There are so many elements like this that it’s a pity the game isn’t made more like old school first person stealth games like the original Thief and the more recent Dishonored. It’d be fantastic if I could blast my way into a hatch instead of using a tool to cut my way, or if I could navigate more of the levels out of order so as to gather more supplies and upgrades ahead of time. While there is certainly a small Metroidvania element to some rooms and access points, most of it never really seems easy to access, due to a confusing transit system. The map you use works fine, but since the game isn’t fully open world, it only shows your current location. If I could set markers for myself and better understand how to backtrack, I’d have a lot more reason to revisit old locations other than when the plot requires you to do so.
It’s also a blessing when the story takes a backseat that the pacing just comes together. The game tells you to either crouch or run, but I actually found that slow, cautious walking often got me where I needed to go when not crouched and moving from cover to cover. Alien Isolation is a game about patience, planning, and knowing your enemy. It’s this solid design and focus that makes it one of my favorite survival games and arguably the best Alien game on current and last-gen consoles (granted, that isn’t saying much). Overall, it is a great Alien game, and anyone who is a fan of the franchise should give it a go. There is one caveat though, which I mentioned at the start — the game has problems as a horror title.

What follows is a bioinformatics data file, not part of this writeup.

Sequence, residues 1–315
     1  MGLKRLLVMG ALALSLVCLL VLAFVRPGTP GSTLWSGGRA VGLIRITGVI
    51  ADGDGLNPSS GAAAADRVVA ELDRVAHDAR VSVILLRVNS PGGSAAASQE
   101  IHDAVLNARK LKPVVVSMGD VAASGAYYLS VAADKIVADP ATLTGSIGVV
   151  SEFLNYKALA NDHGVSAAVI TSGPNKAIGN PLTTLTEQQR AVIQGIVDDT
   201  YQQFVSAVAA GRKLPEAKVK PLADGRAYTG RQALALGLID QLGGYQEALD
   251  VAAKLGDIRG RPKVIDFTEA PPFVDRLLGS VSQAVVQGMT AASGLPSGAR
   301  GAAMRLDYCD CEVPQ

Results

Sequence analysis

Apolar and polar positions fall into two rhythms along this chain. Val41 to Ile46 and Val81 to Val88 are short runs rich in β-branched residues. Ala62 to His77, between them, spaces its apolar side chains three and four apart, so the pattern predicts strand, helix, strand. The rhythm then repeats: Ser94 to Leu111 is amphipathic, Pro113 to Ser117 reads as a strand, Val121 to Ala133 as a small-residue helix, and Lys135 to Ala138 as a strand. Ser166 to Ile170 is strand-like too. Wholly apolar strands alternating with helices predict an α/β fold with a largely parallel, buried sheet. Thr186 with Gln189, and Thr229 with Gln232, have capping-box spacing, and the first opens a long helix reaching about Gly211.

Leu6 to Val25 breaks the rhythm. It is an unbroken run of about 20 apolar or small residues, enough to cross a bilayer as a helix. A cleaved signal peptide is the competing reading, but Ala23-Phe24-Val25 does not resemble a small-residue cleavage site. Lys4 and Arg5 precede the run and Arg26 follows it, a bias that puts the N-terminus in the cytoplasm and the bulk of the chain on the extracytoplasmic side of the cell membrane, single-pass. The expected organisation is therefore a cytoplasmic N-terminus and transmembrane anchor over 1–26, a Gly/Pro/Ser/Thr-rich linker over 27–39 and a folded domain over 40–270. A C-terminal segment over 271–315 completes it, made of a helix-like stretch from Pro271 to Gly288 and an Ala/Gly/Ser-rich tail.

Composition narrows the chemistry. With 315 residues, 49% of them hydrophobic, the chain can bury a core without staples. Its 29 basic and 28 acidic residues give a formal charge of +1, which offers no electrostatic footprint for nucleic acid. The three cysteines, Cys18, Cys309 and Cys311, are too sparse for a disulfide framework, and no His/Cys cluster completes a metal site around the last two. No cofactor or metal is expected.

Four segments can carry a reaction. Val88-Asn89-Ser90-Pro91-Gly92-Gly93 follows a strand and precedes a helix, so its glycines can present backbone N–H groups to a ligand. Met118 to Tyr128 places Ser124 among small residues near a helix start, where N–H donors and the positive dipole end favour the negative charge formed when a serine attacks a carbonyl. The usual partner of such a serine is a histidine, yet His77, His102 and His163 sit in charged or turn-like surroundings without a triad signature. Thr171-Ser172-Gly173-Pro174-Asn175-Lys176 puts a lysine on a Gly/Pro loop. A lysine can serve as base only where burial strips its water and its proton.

This problem mainly lies in the fact that while the Alien is very dynamic, and intimidating at first, it is a one trick pony. You learn its noise prompts, its animations, and its behaviors… and eventually the horror just sort of goes away. Seriously, after a while, deaths don’t even seem to matter. Save stations are everywhere, and you almost always have enough time to use one before getting caught. Just like everything else, it comes down to strategy, playstyle, and observation. It doesn’t help that Amanda’s delivery and lines barely help increase the tension. I’m separately reviewing the game’s current DLC offerings, and Sigourney Weaver adds a lot to the atmosphere with her vocals as the tension ratchets up. Amanda might as well be a silent protagonist as far as most of the game is concerned, and that actually hurts the game’s horror in the long run. The pacing issues also impact this, leaving you more frustrated than terrified by the end. Still, save for Darkwood, this is the first game in forever to actually scare me in a way that was enjoyable. It just stopped scaring me barely over three hours in. Still, it kept entertaining me afterward, which is more than I can say for some horror games.